MIAMI (Legal Newsline) – A Florida federal judge has recommended that certain counts of a class action lawsuit against Tinder over allegations of misleading business practices be dismissed.

Judge Andrea Simonton made the recommendation in a case filed by plaintiff Billy Warner, individually and on behalf of others similarly situated, for the dating application’s alleged violations of the Florida Deceptive and Unfair Trade Practices Act (FDUTPA), Electronic Funds Transfer Act (EFTA), Florida Civil Rights Act (FCRA), Florida Free Gift Advertising Law (FFGAL) and Florida False Advertising Law (FFAL).

In 2014, Warner downloaded the free Tinder dating application. In 2015, Tinder began charging users $2.99 per month for Tinder Plus in order to get more "likes" for dating matches, which Warner paid. He alleges he was then asked to pay $19.99 a month for Tinder Plus.

Simonton first addressed the alleged EFTA violations.

“The defendant also asserts that the plaintiff’s claims involving the $19.99 subscription do not implicate the EFTA as the EFTA requires authorization for recurring charges but does not require procedures designed to prevent a consumer from purchasing and maintaining two separate subscriptions,” Simonton wrote in the recommendation.

EFTA is not implicated even if Warner believed his second subscription for $19.99 should have voided his $2.99 rate, according to the judge.

“The plaintiff does not allege any facts that would allow this court to conclude that the plaintiff’s purchase of the second subscription canceled his first subscription, other than the fact that the plaintiff believed that it should,” Simonton wrote in the recommendation, adding Warner indeed failed to state a EFTA claim for relief and the complaint against Tinder was in fact dismissed.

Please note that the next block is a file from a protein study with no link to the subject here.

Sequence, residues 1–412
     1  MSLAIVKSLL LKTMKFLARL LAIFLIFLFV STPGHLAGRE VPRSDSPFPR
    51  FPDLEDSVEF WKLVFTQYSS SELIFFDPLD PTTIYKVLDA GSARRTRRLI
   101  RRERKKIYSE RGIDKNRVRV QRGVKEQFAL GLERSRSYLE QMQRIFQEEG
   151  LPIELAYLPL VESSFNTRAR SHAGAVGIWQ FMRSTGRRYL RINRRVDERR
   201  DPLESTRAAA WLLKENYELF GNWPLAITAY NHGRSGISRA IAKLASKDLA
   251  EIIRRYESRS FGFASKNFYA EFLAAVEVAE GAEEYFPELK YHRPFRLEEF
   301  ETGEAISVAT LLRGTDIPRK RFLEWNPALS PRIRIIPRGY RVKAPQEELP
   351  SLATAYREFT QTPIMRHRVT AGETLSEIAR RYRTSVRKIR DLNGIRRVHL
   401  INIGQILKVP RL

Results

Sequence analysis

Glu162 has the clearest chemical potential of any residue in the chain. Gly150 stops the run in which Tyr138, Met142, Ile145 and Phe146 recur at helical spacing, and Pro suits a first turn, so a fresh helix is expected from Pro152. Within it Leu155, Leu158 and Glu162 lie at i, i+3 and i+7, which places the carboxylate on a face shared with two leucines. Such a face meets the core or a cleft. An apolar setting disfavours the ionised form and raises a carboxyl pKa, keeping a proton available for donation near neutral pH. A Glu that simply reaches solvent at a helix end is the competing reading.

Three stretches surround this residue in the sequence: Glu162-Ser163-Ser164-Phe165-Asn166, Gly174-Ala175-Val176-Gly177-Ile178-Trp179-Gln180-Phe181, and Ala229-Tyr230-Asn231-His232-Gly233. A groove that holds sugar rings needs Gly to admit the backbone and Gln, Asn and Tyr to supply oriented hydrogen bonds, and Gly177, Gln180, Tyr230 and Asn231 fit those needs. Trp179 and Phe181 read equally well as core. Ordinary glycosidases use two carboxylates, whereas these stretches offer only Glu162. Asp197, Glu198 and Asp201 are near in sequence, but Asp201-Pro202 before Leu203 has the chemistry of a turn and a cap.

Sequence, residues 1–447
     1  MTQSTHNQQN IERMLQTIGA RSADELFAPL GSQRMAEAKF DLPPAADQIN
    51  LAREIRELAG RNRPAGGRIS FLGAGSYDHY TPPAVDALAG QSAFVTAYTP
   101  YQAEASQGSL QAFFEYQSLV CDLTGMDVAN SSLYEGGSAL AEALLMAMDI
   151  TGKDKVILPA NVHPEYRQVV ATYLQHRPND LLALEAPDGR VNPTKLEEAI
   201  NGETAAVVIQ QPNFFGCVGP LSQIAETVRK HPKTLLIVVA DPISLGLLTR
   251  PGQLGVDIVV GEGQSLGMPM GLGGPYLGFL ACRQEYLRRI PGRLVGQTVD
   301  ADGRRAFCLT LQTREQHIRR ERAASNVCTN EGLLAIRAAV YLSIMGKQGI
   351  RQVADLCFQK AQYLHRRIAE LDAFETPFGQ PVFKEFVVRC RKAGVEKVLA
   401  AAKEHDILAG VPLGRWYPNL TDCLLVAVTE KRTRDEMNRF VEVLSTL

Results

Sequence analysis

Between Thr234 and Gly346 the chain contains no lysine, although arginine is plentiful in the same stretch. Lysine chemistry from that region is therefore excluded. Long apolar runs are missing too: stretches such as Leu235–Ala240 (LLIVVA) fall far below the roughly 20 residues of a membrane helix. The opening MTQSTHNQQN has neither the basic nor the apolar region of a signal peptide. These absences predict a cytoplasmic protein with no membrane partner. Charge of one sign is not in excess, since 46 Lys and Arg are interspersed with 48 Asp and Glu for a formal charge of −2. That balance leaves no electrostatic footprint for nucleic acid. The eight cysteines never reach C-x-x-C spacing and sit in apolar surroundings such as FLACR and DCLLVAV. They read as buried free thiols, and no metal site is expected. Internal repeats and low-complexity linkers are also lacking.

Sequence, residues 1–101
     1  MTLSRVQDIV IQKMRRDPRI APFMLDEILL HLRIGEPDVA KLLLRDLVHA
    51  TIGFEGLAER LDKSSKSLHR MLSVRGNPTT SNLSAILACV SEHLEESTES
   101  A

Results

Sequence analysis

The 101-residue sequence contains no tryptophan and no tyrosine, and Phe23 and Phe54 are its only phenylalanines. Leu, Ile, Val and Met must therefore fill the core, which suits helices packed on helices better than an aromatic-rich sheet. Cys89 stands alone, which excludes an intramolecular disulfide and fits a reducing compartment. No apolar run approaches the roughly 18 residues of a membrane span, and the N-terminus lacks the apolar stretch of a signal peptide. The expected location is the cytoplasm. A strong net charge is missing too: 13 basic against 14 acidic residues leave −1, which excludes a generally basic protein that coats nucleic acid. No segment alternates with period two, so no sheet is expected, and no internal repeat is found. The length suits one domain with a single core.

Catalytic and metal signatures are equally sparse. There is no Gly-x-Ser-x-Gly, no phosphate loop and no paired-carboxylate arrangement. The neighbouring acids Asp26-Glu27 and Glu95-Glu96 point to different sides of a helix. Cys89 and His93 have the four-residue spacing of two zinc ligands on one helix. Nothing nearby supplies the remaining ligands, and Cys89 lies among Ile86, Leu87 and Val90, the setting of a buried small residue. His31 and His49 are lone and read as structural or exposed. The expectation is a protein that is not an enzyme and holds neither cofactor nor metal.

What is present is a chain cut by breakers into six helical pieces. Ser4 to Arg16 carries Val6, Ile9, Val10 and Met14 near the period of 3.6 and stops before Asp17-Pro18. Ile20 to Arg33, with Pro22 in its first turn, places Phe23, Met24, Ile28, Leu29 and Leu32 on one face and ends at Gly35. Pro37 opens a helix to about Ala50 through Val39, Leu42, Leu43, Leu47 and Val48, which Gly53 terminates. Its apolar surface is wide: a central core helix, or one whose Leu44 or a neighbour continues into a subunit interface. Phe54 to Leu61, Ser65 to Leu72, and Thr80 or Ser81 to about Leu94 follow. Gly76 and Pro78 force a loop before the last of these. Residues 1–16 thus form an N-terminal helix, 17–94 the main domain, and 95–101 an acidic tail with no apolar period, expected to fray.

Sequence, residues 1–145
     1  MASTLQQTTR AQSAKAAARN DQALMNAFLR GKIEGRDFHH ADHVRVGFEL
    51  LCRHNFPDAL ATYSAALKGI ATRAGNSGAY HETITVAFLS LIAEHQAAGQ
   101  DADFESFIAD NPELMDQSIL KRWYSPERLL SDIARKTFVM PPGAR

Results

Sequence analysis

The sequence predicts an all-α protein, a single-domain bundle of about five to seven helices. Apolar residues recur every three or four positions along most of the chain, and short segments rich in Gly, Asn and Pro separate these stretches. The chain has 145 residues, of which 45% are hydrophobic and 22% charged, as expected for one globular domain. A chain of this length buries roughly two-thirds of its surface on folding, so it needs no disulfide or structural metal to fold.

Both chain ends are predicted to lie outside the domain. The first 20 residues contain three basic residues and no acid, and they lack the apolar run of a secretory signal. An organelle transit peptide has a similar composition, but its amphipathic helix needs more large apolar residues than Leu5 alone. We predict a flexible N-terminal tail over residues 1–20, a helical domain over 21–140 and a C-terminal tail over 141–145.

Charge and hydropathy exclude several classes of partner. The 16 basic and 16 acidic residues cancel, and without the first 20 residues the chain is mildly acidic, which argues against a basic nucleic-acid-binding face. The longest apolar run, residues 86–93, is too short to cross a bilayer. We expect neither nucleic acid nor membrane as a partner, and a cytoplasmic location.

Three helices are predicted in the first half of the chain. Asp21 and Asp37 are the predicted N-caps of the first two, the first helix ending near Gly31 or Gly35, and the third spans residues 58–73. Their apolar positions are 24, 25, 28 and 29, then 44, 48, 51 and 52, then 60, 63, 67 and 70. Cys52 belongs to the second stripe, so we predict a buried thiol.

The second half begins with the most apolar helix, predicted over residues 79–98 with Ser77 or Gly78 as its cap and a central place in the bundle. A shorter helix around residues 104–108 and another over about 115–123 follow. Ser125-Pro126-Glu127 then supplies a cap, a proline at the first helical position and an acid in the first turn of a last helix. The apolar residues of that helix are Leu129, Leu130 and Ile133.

Next, the judge dealt with the FGAL count in the complaint.

“The defendant alleges that the plaintiff’s claim under the Florida Free Gift Advertising Law fails because there is no allegation that the Tinder app was ever anything but free,” Simonton wrote in the recommendation, adding “There is nothing in the language of the FGAL to support the plaintiff’s contention that if the product is free, the product must remain free in perpetuity, or that the free item must function in a particular manner.”

Next, the judge addressed the alleged FDUTPA violation by Tinder.

“The defendant asserts that the plaintiff has failed to allege actual damages, which under FDUTPA require proof of the defendant’s bad faith, a standard of culpability that the plaintiff has not even attempted to plead,” Simonton wrote in the recommendation, noting FDUTPA does not provide for the minor damages, hypothetical losses or payment for feelings of disappointment recovery.

Citing PNR, Inc. v. Beacon Prop. Mgmt. Inc. from 2003 to define Florida Supreme Court’s definition of "deception," Simonton states that  “deception occurs if there is a representation, omission, or practice that is likely mislead the consumer acting reasonably in the circumstances, to the consumer’s detriment,” according to the recommendation.

According to the judge, Warner may have been misled by Tinder’s billing practices.  

“While the facts revealed in discovery may show that the plaintiff was in fact not double-billed, or that the plaintiff was using multiple accounts, at the motion to dismiss stage the court must take the allegations of the complaint as true,” Simonton wrote in the recommendation.

Lastly, the judge addressed alleged violations of the FCRA.

According to Warner, the violation applies since he argues that using the dating application in the Florida makes the Tinder a place of public accommodation.

“The plaintiff offers no legal support for his contention that a phone-based app should be considered a place of public accommodation,” Simonton wrote. “While the plaintiff is correct in stating that ‘the mere presence of a public accommodation within the zone of establishment is enough to transform the establishment as whole into a public accommodation,’ Tinder is not an establishment...”

The FFAL violations were based on Walker’s allegations that the removal of the unlimited swipes feature unless payment was made rendered the free app useless. However Simonton saw differently, recommending Tinder’s motion to dismiss EFTA, FGAL, FFAL and FCRA be granted and FDUTPA be denied.

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